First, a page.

Tuesday, April 12, 2016

Circling the globe on the power of the sun: Solar Impulse II ready to leave Honolulu

There’s so much going on in the solar world, but the concept of flying around the world in a plane powered by solar cells is one step beyond.

Hawai`i has some solar flying cred. (Image, the Helios flying wing off Kaua`i. Credit: NASA.)

AeroVironment’s  solar plane Helios flew off Kaua`i’s Pacific Missile Range Facility early in the last decade. Ultimately, the experimental unmanned aircraft crashed in June 2003 in rough weather, but not until it had set some records, including a world record altitude in 2001 for non-rocket-powered flight.

The Helios flying wing reached 96,863 feet on the back of some solar cells and propellers.
Its other mission was to prove that solar planes could fly continuously, using fuel cells to store energy during the day, which could be used to power the plane at night.

(Image: Solar Impulse II over Hawai`i. Credit: Solar Impulse.)

It was Solar Impulse I that accomplished that goal in 2010, staying aloft for 26 hours.

That was then. Today, another solar aircraft, Solar Impulse II is parked in Honolulu, ready for the next leg of its flight around the world. That mission was delayed last year when its flight across the western Pacific damaged some of its batteries.

Solar Impulse II is an idea 15 or more years old, and in some ways it is a descendant of the Helios. While Helios was flying, back in 2002, Solar Impulse pilot Bertrand Piccard consulted with AeroVironment’s late Paul McCready, one of the visionaries in solar-powered flight.

The new Solar Impulse, completed in 2014, is a feather-light but gangly aircraft, with honeycombed wings that stretch 236 feet tip to tip. Its upper surfaces are covered by photovoltaic cells. It has four electric motors powering four propellers, each powered by lithium-ion batteries.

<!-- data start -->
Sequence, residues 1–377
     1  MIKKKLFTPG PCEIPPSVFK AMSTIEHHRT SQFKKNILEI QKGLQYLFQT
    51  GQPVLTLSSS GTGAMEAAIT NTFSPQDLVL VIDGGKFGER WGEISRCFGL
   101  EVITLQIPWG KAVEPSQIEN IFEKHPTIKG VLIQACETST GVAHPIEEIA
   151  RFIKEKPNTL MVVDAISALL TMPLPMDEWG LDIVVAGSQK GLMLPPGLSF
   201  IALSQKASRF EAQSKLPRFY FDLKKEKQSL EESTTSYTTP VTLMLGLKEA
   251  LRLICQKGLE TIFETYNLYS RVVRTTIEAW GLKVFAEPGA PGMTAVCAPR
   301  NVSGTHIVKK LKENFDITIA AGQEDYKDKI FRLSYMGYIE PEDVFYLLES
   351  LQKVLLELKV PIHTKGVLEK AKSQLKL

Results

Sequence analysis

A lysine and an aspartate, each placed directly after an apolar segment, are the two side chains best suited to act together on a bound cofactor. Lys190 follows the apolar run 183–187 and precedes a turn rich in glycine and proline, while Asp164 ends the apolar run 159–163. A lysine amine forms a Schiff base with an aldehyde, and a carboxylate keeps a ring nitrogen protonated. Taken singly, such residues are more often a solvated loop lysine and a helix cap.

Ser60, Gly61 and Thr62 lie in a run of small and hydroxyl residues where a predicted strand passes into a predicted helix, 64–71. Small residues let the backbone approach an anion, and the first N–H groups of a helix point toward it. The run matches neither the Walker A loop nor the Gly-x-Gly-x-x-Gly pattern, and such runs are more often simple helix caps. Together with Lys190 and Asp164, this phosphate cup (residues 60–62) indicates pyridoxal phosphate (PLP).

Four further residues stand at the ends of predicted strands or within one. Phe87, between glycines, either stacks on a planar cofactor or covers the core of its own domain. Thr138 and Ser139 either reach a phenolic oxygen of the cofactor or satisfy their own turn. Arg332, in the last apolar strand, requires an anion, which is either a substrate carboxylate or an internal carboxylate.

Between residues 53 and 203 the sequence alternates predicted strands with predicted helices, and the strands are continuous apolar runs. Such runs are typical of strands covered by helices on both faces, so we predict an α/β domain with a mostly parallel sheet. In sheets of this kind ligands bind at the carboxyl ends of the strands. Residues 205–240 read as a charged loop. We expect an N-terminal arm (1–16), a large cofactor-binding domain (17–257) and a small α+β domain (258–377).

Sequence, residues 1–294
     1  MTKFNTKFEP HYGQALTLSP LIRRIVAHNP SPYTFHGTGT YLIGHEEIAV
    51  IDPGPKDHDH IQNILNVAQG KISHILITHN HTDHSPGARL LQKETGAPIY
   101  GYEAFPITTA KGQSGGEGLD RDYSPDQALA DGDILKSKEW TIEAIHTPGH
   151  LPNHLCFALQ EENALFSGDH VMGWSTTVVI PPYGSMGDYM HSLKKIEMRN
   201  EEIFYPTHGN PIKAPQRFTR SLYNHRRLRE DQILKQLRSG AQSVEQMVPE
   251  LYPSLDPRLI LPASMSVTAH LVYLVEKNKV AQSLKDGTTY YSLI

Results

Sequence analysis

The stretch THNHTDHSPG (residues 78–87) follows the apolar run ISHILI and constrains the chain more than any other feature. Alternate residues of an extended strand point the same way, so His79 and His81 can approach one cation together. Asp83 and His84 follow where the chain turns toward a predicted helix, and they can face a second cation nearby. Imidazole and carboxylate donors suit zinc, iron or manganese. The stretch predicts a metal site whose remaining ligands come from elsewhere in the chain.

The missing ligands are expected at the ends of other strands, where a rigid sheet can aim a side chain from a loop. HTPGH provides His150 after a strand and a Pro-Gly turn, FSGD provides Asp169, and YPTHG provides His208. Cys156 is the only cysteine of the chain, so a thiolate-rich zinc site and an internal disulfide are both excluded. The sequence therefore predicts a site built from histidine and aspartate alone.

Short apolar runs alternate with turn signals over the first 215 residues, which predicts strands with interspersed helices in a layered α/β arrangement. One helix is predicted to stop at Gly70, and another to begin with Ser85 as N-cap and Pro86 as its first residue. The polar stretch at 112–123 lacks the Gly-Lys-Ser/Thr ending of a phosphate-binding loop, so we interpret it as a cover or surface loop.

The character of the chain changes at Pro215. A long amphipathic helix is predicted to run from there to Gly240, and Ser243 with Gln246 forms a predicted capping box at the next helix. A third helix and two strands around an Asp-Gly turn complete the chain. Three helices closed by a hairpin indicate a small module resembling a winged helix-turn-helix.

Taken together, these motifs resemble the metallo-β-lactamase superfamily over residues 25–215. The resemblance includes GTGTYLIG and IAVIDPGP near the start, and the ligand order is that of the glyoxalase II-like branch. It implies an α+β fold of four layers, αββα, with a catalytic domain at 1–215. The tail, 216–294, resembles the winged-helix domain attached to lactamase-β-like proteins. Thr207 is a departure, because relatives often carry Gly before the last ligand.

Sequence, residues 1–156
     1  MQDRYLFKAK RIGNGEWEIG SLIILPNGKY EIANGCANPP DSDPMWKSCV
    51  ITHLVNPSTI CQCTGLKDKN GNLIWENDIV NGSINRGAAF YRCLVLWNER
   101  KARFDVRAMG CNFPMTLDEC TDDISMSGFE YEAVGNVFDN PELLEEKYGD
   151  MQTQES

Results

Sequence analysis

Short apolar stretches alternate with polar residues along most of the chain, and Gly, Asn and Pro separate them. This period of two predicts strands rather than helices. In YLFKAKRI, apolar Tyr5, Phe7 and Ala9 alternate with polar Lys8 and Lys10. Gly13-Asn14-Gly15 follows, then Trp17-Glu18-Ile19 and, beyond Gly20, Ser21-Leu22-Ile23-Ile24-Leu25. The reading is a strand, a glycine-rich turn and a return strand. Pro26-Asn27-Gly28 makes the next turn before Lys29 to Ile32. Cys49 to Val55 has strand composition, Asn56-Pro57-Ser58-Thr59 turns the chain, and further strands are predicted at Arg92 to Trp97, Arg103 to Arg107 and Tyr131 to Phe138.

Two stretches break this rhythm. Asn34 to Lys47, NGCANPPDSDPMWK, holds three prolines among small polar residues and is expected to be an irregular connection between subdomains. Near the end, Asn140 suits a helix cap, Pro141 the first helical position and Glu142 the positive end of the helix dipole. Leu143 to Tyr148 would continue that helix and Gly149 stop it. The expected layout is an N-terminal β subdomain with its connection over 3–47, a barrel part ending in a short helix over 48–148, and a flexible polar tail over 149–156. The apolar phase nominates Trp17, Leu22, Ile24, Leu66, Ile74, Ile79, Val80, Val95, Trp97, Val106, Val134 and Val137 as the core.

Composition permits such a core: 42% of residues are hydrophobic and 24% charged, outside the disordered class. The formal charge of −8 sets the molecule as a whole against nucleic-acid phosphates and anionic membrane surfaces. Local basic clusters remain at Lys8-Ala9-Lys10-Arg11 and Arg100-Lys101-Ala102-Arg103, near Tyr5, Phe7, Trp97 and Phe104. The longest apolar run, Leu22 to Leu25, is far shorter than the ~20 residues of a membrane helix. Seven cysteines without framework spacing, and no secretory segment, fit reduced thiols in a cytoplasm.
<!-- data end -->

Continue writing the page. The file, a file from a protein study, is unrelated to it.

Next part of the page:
Looks a bit like a giant dragonfly.

SI II launched on its global tour in 2015 from Abu Dhabi. Pilots Piccard and André Borschberg took turns flying the one-seat aircraft. They crossed Asia, hopping to stops in Oman, India, Myanmar, China and finally Japan, and then made their longest flight, from Japan to Hawai`i, last year.

The Japan-Hawai`i leg was the world’s longest-ever solar-powered flight. Pilot Borschberg stayed aloft 8 minutes short of 118 hours. But in doing so, his batteries overheated and were damaged, requiring replacement. That, and weather, kept SI II grounded on O`ahu for most of a year.

But the organizers say they are days from a new liftoff, aimed at crossing the rest of the Pacific and then continuing around the world, back to their Abu Dhabi starting point. The remaining flights are expected to all be shorter than the Japan-Hawai`i marathon of five days aloft.

The eastern Pacific flight's conclusion will be determined by wind or weather.  The plane could land anywhere up or down the West Coast, or as far inland as Arizona.

SI II, in anticipation of taking off in mid-April, performed several takeoffs, extended flights and landings in late March from the runway at Kalaeloa with Piccard at the controls.

In a blog post, Piccard wrote: “It was beautiful to fly #Si2 under the full moon tonight and I really enjoyed it. I even flew with the window open to feel the night breeze. My second
landing was the best: a kiss landing. We call it like that because the plane touches down so smoothly that you can barely feel it.”

Here is a YouTube video on the mission. Here is the Solar Impulse website. The mission is to send the world a message about the potential of clean fuels. Here is their clean fuels website.

You can subscribe to get updates on the voyage here. The most recent information we have is that it should leave within two weeks.

When the Solar Impulse II does take off for its long voyage to the northeast, it will pass over hundreds of Hawaiian rooftops outfitted with the same technology that is keeping this plucky airborne adventurer aloft.

© Jan TenBruggencate 2016

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